The human foot has two components that mechanically interact with the ground: the rearfoot (heel) and the forefoot (the arch, ball of foot, and toes). Both of these regions move in relation to the ground based on their characteristic shapes. In addition, the movement of the heel effects the movement of the forefoot and vice versa. The two parts of the foot are mechanically linked. The motion of the heel affects the motion of the forefoot and arch and the structure of the forefoot region effects the heel motion.
We can go back to see how your arch is effected by your foot type by using a wet foot to test the effect of weight bearing on your arch. If you get out of a pool and look at the impression your foot has made below you on the cement you will see one of three arch imprints:
Normal (medium) arch: You see about half of your arch.
Low arch: This footprint shows most of the foot. It looks flat. When your foot touches the ground, the arch collapses too much, creating too much foot motion and potential for injuries.
High Arch: A high-arch foot occurs when you see your heel, the ball of your foot, and a small line on the outside of your foot.
Your arch height in weight-bearing is effected by many factors. Two key factors are the stiffness of the soft tissues (muscles and ligaments) of the foot, and the relationship between the heel, the lower leg, and the forefoot. In the early 1960′s, three podiatrists from California (Root, Orien, and Weed) began to describe a concept called foot types. The concept was that foot structure can drive foot function. Certain structural relationships make the foot and arch collapse significantly (over-pronation) while other relationships prevent the foot from collapsing creating a rigid foot (loss of pronation). Often times the arch height gives us clues as to what foot type one has.
What is pronation and supination?
It is an action that occurs when the joints in the foot move so that the arch of the foot moves downward during a weight bearing motion. Essentially, your feet act as shock absorbers so that you have smooth movement when you walk. The collapse of the arch helps the foot absorb shock. It is the foot’s shock absorbing mechanism. Supination is an action that raises the arch and stiffens the foot turning it into a rigid lever. The stiffening of the foot helps us push off the ground effectively, creating effective propulsion.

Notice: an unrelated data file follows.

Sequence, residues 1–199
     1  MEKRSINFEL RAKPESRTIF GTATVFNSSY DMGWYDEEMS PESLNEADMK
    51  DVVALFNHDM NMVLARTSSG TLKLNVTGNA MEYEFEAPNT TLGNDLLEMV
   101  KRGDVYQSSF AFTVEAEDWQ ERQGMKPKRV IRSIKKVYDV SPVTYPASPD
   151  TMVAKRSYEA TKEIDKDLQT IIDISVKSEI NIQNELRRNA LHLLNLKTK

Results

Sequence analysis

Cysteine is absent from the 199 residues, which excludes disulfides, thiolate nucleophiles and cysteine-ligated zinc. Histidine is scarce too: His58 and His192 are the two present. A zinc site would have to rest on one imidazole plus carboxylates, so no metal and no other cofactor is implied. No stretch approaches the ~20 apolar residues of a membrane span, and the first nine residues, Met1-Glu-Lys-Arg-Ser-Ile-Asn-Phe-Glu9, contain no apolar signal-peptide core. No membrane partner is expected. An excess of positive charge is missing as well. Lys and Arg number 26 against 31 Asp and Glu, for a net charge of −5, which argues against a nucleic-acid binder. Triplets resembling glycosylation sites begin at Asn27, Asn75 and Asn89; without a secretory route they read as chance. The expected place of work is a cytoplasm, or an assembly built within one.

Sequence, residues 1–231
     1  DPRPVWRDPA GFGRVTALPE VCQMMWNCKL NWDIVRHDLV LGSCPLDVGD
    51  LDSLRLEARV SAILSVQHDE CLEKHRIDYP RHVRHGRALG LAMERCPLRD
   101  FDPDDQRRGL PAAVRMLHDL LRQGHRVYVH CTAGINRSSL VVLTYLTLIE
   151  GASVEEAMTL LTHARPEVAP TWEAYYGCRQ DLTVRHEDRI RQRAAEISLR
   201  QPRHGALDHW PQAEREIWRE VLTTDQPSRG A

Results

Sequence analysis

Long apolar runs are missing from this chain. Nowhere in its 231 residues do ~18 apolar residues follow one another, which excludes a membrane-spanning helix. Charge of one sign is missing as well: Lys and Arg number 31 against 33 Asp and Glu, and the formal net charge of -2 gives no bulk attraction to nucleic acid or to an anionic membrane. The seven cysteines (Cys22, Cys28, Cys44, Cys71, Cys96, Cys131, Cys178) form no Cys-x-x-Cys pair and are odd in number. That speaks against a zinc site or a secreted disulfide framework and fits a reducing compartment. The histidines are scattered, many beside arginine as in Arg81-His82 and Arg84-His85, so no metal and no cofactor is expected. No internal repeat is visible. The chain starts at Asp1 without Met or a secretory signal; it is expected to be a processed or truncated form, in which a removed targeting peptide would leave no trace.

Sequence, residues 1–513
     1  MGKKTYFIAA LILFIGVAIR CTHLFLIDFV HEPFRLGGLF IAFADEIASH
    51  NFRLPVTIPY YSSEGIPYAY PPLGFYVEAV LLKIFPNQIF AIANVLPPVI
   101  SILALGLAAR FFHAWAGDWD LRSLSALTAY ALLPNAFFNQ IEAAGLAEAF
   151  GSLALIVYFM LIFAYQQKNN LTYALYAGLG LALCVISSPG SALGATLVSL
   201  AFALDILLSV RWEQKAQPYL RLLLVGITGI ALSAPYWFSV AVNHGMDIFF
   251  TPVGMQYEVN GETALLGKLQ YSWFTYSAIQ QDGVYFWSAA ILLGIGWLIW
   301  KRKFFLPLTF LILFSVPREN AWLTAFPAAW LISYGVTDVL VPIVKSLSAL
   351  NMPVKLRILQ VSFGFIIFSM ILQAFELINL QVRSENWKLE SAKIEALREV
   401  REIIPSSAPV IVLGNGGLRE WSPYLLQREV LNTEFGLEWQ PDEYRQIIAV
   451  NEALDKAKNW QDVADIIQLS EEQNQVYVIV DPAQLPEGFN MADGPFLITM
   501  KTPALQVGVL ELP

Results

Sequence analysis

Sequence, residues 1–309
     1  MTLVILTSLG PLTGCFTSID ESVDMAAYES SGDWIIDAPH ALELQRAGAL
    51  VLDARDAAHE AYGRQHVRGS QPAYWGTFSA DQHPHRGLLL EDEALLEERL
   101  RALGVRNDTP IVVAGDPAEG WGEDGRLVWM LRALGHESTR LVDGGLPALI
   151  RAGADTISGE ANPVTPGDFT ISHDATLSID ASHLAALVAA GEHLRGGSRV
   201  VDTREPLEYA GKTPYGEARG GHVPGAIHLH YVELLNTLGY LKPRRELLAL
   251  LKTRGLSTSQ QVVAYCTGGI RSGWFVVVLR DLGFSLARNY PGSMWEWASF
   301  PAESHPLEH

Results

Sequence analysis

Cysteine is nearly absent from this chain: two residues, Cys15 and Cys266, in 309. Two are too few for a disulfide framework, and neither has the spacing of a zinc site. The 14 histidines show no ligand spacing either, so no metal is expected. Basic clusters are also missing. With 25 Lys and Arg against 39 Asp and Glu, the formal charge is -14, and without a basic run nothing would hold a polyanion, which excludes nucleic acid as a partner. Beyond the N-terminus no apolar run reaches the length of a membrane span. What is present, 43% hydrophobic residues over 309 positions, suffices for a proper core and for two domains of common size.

What are the different foot types?
With our evaluation process we look to identify your foot type. There are 5 basic foot types. Each design creates certain compensatory movements which effect the way your foot and body function. Sometimes the design of your foot leads to injury.
Treating Overpronation and Supination
It all starts with a physical therapist analyzing the walking and running tendencies of a patient as well as observing lower body posture. We call it a biomechanical analysis. It’s important for the physical therapist to be able to identify the foot type and relate it to the injury. The foot design creates movement compensation that can either create or sustain injury.
Effective treatment can occur with custom foot orthotics that alter and modify movement patterns to optimize function. Shoe gear can also be used to effectively improve the way the foot interacts with the ground.
We might also recommend lower body strengthening, balance and flexibility exercises to help improve the function of the limb.
Are you interested in your foot type? Come on in to Pro-Motion and we’ll gladly help!